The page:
Showing posts with label male privilege's. Show all posts
Showing posts with label male privilege's. Show all posts

Saturday, August 6, 2022

On the Teeter Totter

 

A Photo of me on the gender
Teeter Totter

Along the way, following the path to change one's gender presents many challenges. In fact, many times the process can be compared to life on a playground. Especially when we are in the midst of deciding which binary gender we will be a part of.

Here in the blog, I have compared the process to sliding down a very slippery slope. When I consider it, perhaps attempting to do a gender balancing act may be more appropriate.

The photo in this post represents my life trying to balance a life between the male and female genders. In the picture my hair was a wig, my breasts were not mine and even my hips were fake.

 So naturally my life was not the most pleasant. The ride up when I was living as my feminine self was quite the high. But the trip down to my cross dressing male self was a real downer. I was depressed for days until the next time I could dress up in my feminine apparel. During this period of my life I was so confused I wouldn't have wished my existence on anyone.

Finally I found the view from the upper feminine spot of the teeter totter to be so natural I wanted to take the high road and take on the fulltime life of a transgender woman. Of course  just writing about it diminishes the level of difficulty of just arriving at a spot where I could even attempt to live a feminine life. It was extremely difficult to the point of even becoming dangerous when I ended up on the wrong end of a couple ill advised adventures as a novice transgender woman. More on that in another blog post.

As with any other piece of playground equipment, warnings just don't resonate with the users. Primarily I didn't see any warnings about losing my male privilege's I had worked so hard to acquire. As my teeter totter rose to it's heights, ironically my intelligence declined. It quickly became so bad I was even being "mansplained"  by a tow driver towing my car how his wrecker worked and how he had a better idea of getting my car back to my house than I did. 

Through it all, the most important part of being on the higher plane of my gender teeter totter was the new view I had was so much more natural. I loved the new view!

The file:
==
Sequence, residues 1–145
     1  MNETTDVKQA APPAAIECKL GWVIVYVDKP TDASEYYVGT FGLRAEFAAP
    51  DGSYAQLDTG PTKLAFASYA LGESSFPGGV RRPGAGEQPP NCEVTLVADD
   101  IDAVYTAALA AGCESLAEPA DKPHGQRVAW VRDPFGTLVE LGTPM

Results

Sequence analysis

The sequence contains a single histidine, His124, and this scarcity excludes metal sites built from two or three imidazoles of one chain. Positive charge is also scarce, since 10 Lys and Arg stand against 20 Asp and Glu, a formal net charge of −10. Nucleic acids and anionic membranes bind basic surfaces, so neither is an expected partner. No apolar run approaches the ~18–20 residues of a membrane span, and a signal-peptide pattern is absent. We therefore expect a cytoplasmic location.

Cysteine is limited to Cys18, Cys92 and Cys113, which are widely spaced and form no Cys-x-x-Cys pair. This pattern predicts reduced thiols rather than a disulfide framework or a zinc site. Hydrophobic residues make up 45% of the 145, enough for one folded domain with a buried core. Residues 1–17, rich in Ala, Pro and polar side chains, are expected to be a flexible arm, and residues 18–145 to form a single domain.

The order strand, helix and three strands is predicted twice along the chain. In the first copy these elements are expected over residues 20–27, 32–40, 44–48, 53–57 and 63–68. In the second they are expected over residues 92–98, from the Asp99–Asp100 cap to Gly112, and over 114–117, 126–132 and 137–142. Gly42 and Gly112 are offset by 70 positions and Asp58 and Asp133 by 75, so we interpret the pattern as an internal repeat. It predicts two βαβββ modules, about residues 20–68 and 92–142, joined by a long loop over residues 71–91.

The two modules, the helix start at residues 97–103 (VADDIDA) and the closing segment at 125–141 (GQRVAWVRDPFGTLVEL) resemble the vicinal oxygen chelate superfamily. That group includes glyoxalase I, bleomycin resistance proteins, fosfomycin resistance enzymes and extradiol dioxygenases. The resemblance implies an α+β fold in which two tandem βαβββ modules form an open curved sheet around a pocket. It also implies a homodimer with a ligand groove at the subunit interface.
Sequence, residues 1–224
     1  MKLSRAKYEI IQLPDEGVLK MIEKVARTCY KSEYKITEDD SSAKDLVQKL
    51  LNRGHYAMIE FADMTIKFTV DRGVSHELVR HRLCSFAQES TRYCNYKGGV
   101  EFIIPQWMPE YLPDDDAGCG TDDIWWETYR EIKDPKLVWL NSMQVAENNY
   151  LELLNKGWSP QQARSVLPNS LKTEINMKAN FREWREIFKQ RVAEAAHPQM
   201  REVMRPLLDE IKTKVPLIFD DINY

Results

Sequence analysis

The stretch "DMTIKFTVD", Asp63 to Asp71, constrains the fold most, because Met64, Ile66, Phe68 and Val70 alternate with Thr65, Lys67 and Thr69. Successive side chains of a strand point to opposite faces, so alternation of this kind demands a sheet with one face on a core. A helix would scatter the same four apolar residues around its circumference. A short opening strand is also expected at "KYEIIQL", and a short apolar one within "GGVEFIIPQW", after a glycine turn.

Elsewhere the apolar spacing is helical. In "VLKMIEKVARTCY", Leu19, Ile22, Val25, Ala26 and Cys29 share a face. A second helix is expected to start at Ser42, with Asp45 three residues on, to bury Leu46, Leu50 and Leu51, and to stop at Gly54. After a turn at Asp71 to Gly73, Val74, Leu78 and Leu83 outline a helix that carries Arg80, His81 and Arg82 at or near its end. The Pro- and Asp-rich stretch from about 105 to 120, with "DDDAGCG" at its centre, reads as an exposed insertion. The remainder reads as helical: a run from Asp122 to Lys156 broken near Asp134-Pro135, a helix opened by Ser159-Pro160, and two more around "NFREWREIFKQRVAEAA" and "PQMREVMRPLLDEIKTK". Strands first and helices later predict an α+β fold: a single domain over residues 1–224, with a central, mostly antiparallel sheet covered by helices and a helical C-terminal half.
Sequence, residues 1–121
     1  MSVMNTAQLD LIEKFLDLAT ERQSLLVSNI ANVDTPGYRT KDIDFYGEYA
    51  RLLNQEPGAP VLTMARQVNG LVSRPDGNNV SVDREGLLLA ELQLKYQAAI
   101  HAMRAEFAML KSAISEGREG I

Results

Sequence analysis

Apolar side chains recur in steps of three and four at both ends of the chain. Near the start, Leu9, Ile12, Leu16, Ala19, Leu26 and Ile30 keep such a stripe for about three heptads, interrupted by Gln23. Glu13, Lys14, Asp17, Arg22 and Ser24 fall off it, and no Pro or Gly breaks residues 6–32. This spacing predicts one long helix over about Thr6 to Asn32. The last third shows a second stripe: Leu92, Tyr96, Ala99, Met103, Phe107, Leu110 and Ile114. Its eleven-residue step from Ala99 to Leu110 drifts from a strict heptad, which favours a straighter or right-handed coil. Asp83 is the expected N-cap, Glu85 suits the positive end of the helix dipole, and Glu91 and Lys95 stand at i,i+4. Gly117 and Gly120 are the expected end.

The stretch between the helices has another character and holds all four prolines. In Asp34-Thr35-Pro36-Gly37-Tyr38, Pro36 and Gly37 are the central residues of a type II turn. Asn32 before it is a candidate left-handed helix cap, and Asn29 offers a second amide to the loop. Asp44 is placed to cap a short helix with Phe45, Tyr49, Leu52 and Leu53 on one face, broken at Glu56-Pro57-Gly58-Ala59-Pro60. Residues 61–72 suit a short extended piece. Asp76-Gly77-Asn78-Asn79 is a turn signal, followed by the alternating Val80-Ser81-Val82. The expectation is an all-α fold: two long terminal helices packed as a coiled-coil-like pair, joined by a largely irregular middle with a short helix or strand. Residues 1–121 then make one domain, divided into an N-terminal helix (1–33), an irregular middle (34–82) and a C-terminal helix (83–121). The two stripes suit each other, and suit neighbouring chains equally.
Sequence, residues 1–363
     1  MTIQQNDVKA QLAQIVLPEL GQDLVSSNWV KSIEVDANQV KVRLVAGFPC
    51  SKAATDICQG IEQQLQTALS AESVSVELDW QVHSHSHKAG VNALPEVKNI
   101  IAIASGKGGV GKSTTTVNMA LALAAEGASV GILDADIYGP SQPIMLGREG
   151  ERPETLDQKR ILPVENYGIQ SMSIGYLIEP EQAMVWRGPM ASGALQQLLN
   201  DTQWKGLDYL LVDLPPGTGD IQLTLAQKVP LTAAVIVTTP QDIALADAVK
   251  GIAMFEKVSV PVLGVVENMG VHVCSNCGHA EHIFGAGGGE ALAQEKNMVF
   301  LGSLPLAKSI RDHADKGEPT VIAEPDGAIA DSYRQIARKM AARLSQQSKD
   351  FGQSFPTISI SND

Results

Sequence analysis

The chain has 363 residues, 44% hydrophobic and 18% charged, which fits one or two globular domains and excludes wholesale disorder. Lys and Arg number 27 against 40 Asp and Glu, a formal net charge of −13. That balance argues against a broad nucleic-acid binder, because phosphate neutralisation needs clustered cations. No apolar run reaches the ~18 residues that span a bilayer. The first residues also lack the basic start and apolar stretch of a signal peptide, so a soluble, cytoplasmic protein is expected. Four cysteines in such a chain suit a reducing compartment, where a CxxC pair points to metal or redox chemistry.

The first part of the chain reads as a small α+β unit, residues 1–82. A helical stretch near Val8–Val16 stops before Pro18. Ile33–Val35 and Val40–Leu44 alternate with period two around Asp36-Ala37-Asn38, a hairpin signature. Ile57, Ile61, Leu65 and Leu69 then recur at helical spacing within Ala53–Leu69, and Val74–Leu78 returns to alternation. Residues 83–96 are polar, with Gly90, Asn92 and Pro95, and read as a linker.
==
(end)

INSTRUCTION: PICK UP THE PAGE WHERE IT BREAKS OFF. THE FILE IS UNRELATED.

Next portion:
Tuesday, May 4, 2021

Let's be Careful Out There

 This is actually a continuation of a post I wrote a couple days ago concerning losing one of our main male privileges' when we transition to a feminine life. The privilege is personal security. It's more or less a natural transition since so many cis women know of and have lived around male harassment their entire lives. 

Following the post, I received a couple of comments. The first is from Connie:


"You're absolutely correct. We should never (short) skirt the issue of security. I've had my share of dicey moments, too. Fortunately, for both of us, we may have learned the hard way....but not the costly way. The closest to getting hurt I had was being sucker punched by a creep while I was stepping in to help some younger girls he was stalking late one night. I've reached the age where I'm not out late at night much; bedtime is 10:00 pm, usually. I also have slowed down, physically, so my confidence in being able to outrun an assailant has dropped considerably. I used to be a fast woman, but not a "fast" woman. Not that creepy men care what kind of woman I am, because they are just...uh...CREEPS. Watch out for them!"

Thanks for your unique perspective on a difficult problem.

The second comes from "Girlyboy":

"Part of my own desire to transition is the desire to have the weakness you describe. Part of me wonders if that weakness that comes with a feminine body is not part of why society seems to hate trans MTF so much–that you would willingly give up power and physical strength must seem ludicrous to some…for me, feeling vulnerable is part of the goal." 

Interesting comment. I think very early in my Mtf gender transition, I think I felt the same way because feeling vulnerable validated my femininity.  As I grew into my stronger transgender self, the potential violence all women are subjected to became more important to me and I began to be much more careful.